More than goals expected from matchwinner Benteke, says Klopp
Claudio Ranieri urges Leicester to forget Liverpool loss before Manchester City game
Christian Benteke: scored the winner but missed a sitter in stoppage time. Photograph: Peter Powell/ EPA
Liverpool 1 Leicester 0
It was all about reactions at Anfield on Saturday. Christian Benteke produced one to leave Claudio Ranieri needing one, while Jürgen Klopp’s message to the matchwinner and the first defence to nullify Leicester City since May underlined the standards he expects consistently from Liverpool. The responses could shape the course of both clubs’ seasons.
Benteke brought Liverpool a thoroughly deserved and hard-earned first win in five matches after being summoned from the bench. He replaced Divock Origi, the 20-year-old who was preferred to the €40-million-plus striker against the Premier League leaders before joining a growing band of Anfield players with a hamstring problem.
Klopp’s team controlled possession and closed Leicester’s escape routes from the start, albeit without seriously testing Kasper Schmeichel, to leave Ranieri lamenting a visiting display that was only truly threatening after Benteke’s sixth goal in Liverpool colours.
The Belgium international squandered an easier chance in stoppage time than the half-volley he converted from Roberto Firmino’s inviting cross, shooting straight at Wes Morgan when allowed to run clear on an open goal. But the finish that mattered was the reaction Klopp needed from Benteke following talks after the 3-0 reverse at Watford.
“We need his goals, but I don’t only think about him and goals,” the Liverpool manager said. “We are not a team that can play with a striker who scores a goal but is not involved for the other 89 minutes. We need the striker for the other options, too, to work for the other minutes. I know Christian can do this. We had a really good talk. He knows what he has to do. He came in and had a really good game, and decided the game. So well done!”
Benteke’s all-round contribution will assume even greater importance to Liverpool should Origi be sidelined for a long period. Daniel Sturridge took to Twitter just after the final whistle to declare himself fit and available, but Klopp made it clear he will be the judge of that.
“This is absolutely the same thing that Daniel said four weeks ago, and we let him play, and he was injured again,” said Klopp of the striker he has put on a pre-season training routine that has a week to go. “He says this, you ask him, and he says he’s good. I know he is good, but he has to train. Otherwise we always have this situation for the next 10 years and always talk about: ‘Where is Daniel Sturridge – can you play him?’ We have to try and change something. We have tried everything else, so we must try this now.”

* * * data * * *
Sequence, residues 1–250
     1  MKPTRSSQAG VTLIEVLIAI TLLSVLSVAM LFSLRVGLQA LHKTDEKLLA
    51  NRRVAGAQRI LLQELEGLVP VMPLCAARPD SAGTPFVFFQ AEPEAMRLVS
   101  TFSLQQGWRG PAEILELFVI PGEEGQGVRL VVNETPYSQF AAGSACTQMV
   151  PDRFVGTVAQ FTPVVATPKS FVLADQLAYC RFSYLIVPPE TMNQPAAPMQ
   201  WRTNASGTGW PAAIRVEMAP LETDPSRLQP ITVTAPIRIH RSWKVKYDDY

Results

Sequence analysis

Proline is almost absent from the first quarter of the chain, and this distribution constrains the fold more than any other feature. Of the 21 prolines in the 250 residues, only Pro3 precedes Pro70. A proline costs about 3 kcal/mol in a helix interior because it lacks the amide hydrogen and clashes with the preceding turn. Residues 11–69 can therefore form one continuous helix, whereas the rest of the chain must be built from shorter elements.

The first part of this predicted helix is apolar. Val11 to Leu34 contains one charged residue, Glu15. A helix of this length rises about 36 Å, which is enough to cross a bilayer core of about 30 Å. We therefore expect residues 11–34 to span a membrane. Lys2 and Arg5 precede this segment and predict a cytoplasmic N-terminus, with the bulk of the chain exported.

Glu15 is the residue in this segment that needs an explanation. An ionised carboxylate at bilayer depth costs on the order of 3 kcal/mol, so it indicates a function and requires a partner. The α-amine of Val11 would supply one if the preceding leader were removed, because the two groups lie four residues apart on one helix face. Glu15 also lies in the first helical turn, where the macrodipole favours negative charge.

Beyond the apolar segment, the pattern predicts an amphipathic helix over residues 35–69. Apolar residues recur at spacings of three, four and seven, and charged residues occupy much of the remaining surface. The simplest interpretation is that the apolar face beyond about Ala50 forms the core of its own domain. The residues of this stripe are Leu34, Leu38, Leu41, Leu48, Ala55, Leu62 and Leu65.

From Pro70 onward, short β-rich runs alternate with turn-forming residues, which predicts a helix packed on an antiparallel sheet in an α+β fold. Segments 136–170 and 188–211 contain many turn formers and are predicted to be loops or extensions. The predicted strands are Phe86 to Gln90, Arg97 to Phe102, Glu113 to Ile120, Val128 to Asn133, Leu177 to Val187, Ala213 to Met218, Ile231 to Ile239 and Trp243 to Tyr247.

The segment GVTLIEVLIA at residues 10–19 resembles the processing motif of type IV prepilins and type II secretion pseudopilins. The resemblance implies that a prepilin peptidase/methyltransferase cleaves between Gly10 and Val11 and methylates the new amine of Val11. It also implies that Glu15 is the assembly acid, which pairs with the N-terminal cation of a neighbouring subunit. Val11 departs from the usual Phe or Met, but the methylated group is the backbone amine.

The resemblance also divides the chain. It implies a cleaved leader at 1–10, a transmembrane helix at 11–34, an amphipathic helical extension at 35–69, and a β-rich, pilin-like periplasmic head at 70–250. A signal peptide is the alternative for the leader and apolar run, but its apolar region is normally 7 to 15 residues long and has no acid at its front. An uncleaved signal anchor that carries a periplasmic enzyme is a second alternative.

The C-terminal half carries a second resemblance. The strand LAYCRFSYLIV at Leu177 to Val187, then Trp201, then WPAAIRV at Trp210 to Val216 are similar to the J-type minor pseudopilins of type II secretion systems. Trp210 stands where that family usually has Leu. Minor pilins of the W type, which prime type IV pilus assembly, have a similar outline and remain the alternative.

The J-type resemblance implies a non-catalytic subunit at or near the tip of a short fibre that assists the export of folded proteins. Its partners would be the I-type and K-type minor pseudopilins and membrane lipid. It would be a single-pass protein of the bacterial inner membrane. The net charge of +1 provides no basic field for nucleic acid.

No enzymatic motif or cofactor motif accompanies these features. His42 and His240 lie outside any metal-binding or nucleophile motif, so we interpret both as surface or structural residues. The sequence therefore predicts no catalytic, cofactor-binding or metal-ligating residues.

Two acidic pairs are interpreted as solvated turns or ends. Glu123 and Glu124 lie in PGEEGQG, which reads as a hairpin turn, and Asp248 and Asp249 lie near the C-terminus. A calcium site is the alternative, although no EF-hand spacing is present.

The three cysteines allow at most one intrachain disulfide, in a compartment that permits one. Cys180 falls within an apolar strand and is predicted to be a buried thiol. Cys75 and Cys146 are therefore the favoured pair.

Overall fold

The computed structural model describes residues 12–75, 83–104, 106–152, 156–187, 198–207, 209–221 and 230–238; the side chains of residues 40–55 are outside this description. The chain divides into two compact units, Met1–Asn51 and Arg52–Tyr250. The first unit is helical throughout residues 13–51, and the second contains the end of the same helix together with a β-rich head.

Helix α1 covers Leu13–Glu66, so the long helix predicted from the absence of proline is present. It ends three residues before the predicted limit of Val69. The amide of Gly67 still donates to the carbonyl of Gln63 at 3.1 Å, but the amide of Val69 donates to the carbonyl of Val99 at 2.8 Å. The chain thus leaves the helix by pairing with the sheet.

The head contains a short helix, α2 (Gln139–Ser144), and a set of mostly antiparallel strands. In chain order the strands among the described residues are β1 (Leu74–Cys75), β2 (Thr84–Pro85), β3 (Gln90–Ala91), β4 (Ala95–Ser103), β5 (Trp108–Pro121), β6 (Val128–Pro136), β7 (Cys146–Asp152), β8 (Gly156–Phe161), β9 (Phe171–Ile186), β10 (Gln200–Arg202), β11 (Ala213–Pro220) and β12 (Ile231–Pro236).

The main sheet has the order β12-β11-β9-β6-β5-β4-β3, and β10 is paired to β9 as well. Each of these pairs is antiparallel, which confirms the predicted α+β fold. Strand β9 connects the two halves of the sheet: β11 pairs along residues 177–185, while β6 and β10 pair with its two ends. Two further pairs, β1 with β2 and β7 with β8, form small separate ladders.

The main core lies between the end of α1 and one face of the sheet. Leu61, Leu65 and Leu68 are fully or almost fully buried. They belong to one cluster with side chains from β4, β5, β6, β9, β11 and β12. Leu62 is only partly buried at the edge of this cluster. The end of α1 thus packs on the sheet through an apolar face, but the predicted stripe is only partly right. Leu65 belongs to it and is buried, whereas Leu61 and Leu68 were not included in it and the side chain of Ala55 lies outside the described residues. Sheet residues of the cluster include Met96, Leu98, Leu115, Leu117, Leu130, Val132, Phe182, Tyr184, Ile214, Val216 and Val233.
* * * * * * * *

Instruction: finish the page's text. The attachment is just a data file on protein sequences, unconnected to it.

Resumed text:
Klopp’s injury problems continued with Martin Skrtel’s hamstring strain last week, but, in Skrtel’s absence, Dejan Lovren returned ahead of schedule from a knee problem, was shifted to the right of central defence alongside Mamadou Sakho and produced a commanding display to repel Leicester’s late rally.
“It was not easy for the two of them coming straight back in after injuries, but they did really good,” said Klopp. “The one thing I did say to them was: ‘Don’t play these passes. If you want to kill me, use a knife, don’t play these passes!’ They both played them; it’s an invitation for a counterattack. But they played good otherwise and a clean sheet is really good.”
Leicester’s reaction to their first league defeat since September, and only their second of the season, may determine how long they remain in the ascendancy. Ranieri’s team host Manchester City tomorrow and their manager found light relief in Manuel Pellegrini’s men being described as title rivals in the post-match press conference. Genuine relief, presumably, arrived with the result from St Mary’s Stadium later.
“Yes, our rivals, or so you think!” the Italian said with a laugh. “City is another fantastic test, that is all. We are dreaming, we are in good position, 38 points, fantastic. It is our dream. I want to see my players enjoy, but why were we so nervous at the beginning? I don’t know. Enjoy playing football – if we lose, then we lose, but we should just go out and play, and not be nervous. We have to recover, but we must recover in the mind. We knew we had to lose eventually, so we must forget. It is how we react mentally now.”
– Guardian Service